Meet a 3D modeler who served as a helicopter mechanic, plus details on how the Call of Duty Endowment helps place women vets in the workforce.
On June 12, 1948, President Harry S. Truman signed the Women’s Armed Services Integration Act into law, enabling women to serve as permanent, regular members of the armed forces in the Army, Navy, Marine Corps, and Air Force.
To celebrate the sacrifice and talent of women vets around the country, we spoke to Katie Sabin of Raven Software, about her experience in the military and as an artist. We also spoke with Dan Goldenberg of the Call of Duty Endowment about the importance of supporting women vets during their transition back to civilian life.
Senior Artist, Raven Software, Activision Publishing
“You learn so much about yourself in the military...to own up to stuff and take the initiative.”
Before starting her career as a 3D artist and modeler on the Call of Duty franchise, Katie Sabin served in the US Army as a Black Hawk helicopter mechanic. As a crew chief, her duties included maintenance and repairs as well as additional responsibilities like meeting flight hour requirements, being proficient in helicopter gunnery, performing sling loads, passenger transport, and night-vision goggle (NVG) operations. Her in-depth knowledge of helicopter systems and mechanics prove especially useful when creating equipment and vehicles that fit into the Call of Duty universe.
She knew she wanted to make games from a young age, but at the time there wasn’t much in terms of game education. After a year at college, she decided to join the military, starting off as a medical supply specialist. When she eventually became a Black Hawk helicopter mechanic, she fell in love with the work.
“They’re not even supposed to fly, which makes them even more amazing,” she says. “They’re constantly trying to pull themselves apart with rattling and shaking and vibration, so the fact that they’re so nimble and strong and fast and still hold together…I fell in love with it.”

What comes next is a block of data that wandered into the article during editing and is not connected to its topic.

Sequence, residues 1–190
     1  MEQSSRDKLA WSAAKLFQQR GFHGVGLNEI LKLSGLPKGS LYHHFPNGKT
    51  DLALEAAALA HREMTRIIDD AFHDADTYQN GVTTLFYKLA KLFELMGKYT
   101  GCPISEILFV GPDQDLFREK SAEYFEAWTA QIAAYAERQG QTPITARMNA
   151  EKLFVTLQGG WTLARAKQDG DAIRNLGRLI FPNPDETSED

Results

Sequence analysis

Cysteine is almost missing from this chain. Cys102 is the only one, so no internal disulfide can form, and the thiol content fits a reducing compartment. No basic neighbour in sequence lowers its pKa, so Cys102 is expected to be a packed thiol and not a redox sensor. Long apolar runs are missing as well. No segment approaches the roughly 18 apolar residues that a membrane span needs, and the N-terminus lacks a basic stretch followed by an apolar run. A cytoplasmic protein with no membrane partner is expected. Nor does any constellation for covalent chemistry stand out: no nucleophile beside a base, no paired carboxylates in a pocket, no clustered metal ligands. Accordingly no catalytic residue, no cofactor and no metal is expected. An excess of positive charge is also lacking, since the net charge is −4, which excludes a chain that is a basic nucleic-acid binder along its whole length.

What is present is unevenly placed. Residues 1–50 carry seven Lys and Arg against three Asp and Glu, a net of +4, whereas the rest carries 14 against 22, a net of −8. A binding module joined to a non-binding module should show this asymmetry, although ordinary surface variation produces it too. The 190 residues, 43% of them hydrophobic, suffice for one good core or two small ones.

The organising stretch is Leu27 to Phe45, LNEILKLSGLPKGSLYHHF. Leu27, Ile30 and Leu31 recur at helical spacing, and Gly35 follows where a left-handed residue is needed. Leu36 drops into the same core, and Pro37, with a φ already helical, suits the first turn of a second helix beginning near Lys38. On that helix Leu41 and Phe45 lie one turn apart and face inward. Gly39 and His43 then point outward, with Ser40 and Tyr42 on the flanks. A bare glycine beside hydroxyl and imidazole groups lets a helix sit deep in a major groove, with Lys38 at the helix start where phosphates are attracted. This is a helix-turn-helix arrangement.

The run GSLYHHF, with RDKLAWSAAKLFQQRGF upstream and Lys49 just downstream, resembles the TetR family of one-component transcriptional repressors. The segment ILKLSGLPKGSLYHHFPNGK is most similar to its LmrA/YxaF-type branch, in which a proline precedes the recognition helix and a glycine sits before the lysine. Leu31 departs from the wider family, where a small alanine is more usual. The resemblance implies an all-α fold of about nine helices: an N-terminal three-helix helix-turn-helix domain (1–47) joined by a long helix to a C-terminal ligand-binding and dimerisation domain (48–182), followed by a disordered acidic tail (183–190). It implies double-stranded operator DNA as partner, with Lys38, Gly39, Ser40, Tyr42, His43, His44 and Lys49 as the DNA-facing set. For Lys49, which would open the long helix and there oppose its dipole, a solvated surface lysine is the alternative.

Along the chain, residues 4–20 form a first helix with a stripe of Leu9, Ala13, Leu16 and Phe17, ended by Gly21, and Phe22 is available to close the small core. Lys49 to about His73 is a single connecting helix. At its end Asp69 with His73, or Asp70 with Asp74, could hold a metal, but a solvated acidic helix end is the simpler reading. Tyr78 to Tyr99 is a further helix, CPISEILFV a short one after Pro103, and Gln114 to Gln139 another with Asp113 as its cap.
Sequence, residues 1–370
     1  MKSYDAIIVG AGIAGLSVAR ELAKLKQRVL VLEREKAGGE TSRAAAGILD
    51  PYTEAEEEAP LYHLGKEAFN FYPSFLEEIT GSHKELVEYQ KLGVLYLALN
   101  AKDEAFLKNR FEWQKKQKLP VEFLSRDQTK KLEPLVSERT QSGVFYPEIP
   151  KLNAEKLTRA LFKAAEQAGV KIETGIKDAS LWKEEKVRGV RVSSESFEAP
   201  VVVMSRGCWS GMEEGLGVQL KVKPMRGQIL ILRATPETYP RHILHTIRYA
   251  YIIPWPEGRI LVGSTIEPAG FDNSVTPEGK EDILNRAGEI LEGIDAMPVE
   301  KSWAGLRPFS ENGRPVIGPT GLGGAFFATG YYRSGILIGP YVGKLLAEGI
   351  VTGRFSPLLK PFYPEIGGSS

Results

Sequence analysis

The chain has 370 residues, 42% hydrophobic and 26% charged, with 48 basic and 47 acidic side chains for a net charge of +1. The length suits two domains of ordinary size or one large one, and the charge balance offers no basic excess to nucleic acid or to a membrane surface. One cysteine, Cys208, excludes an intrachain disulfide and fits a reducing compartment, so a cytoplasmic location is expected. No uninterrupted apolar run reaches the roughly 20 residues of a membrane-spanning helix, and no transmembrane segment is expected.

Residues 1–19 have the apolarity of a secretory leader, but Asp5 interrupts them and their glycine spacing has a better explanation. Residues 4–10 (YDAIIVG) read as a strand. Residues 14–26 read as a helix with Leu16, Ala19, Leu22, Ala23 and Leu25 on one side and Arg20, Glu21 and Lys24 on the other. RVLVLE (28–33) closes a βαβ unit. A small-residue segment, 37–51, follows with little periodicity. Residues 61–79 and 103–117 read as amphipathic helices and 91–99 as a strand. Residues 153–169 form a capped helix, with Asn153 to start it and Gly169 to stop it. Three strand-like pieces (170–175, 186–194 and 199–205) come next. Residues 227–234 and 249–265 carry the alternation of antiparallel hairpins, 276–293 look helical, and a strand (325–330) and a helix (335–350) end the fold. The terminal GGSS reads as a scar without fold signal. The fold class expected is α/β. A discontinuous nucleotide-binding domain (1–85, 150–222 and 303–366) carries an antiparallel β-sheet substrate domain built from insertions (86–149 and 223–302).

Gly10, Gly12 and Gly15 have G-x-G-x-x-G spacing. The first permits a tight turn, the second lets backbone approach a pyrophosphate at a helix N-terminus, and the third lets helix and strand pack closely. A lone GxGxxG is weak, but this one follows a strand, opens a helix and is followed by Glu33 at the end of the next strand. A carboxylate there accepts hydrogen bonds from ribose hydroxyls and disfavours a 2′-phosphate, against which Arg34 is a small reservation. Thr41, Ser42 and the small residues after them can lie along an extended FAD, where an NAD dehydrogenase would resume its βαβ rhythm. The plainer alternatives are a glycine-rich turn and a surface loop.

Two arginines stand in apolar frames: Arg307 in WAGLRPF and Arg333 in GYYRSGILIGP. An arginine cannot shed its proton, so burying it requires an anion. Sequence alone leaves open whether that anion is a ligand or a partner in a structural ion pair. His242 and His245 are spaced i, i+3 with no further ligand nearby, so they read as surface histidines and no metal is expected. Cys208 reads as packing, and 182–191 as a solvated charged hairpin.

In 2007, Sabin was deployed to Kosovo for a year and a half. Upon returning, she had access to the Post-9/11 GI Bill, helping vets pay for school. Her creative gears started turning, and she saw an opportunity to pursue her dream of working in the games industry.
“I made the tough decision not to re-up when my enlistment ran out. I went to a school down in Texas.” She adds, “I was in my mid-30s, so I didn’t want to be wasting a lot of time. I needed to get the ball rolling and really focus in.”
Following an intensive two-year program, Sabin started applying to game studios, including most of the Activision studios. Raven Software got back to her, largely due to the effort she put into making early connections through attending International Game Developers Assocation (IGDA) meetings, getting in touch with people at the studio, and scheduling a tour.
She was brought on as an intern before being hired full-time and has been there ever since. Her mechanical knowledge has lent a personal touch to the 3D modeling she works on. An example of this situational awareness is the effort to add wear on helicoptors and ground vehicles where soldiers tend to place their feet a lot.